Published on: October 16, 2014
Kathleen Rabey feels the plight of the British Home Children is unworthy of attention because they were white, probably Christian and not a visible minority. I would like to clear up a few of Rabey’s misconceptions.
Some 118,000 children were sent from the U.K. to work as indentured farm workers and domestics, right up till the Second World War. Their ages ranged from four to 16, with the majority being 10 to 14 years old. Indentured till they were 18, they were transported from the U.K., sometimes without parental consent, to work in Canada. Very few were orphans. Most were separated from their families, never to see them again.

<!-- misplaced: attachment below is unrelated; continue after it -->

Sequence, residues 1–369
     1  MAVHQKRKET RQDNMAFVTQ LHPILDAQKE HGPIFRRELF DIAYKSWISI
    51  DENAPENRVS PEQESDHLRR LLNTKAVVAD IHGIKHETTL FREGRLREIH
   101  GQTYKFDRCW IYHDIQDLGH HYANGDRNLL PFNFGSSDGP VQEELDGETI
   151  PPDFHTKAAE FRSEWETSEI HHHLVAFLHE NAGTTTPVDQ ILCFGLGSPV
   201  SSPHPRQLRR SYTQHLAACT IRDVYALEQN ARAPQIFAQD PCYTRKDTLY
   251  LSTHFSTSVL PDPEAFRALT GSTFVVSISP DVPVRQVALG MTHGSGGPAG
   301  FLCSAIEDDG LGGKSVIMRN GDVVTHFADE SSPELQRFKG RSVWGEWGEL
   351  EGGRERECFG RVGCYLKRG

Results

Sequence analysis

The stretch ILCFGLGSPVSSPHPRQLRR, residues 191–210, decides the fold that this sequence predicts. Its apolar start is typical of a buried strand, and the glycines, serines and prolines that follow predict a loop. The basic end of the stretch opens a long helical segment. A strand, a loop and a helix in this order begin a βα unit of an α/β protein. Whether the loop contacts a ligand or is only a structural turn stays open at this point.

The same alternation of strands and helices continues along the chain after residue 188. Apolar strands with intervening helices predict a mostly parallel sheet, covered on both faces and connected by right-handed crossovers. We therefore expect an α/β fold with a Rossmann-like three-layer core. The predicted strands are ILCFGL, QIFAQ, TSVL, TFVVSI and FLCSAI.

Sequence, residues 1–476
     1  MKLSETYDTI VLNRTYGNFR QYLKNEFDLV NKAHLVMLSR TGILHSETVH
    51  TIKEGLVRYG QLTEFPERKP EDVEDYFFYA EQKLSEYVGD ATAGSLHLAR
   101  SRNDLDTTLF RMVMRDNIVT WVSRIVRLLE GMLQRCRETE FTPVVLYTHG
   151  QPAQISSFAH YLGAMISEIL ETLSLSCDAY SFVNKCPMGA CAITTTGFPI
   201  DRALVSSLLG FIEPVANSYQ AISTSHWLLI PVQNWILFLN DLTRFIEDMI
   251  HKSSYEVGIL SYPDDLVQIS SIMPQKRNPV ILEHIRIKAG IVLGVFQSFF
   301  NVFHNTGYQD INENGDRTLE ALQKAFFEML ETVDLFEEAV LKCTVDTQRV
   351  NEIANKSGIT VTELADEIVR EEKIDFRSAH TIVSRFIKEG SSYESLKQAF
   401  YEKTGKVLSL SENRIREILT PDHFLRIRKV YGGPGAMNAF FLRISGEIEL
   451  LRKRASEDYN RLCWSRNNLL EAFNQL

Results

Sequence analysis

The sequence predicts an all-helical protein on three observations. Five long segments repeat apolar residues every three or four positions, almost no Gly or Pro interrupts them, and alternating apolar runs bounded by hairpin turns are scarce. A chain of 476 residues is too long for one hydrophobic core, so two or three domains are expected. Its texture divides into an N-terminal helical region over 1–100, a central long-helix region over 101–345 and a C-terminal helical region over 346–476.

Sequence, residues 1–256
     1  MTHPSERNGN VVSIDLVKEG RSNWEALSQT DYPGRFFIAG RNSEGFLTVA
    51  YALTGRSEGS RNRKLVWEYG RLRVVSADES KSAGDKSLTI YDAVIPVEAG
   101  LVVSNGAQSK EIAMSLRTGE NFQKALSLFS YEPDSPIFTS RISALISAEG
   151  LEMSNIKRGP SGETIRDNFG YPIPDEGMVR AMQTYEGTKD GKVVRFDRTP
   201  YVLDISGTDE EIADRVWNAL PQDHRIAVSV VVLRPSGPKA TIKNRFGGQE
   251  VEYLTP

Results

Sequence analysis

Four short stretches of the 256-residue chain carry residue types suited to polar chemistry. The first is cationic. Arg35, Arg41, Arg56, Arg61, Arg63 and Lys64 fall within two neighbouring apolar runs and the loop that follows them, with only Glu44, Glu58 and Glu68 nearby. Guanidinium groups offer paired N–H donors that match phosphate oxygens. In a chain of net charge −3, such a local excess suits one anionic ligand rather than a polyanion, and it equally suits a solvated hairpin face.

In Canada, they were stigmatized as “Home Children, gutter snipes, street rats,” and many were shunned by the communities they were placed in. Some were treated well, but many suffered horrific abuse, and if their cries for help were heard, they were probably just removed from the situation and placed somewhere else, some up to 20 times.
My father was a British Home Child and he never saw his family again. He entered Canada and was sent to an isolated farm within a few days. He felt he had to run away from three placements. On Oct. 17 from 7:30 to 9:30 p.m., genealogist Karen Mahoney and I will be at Shelf Life Books in Calgary speaking about this huge part of our history, and on Oct. 18, from 1 to 4 p.m. at the Calgary Public Library, along with MLA Neil Brown, who feels the children deserve their place in Canadian history.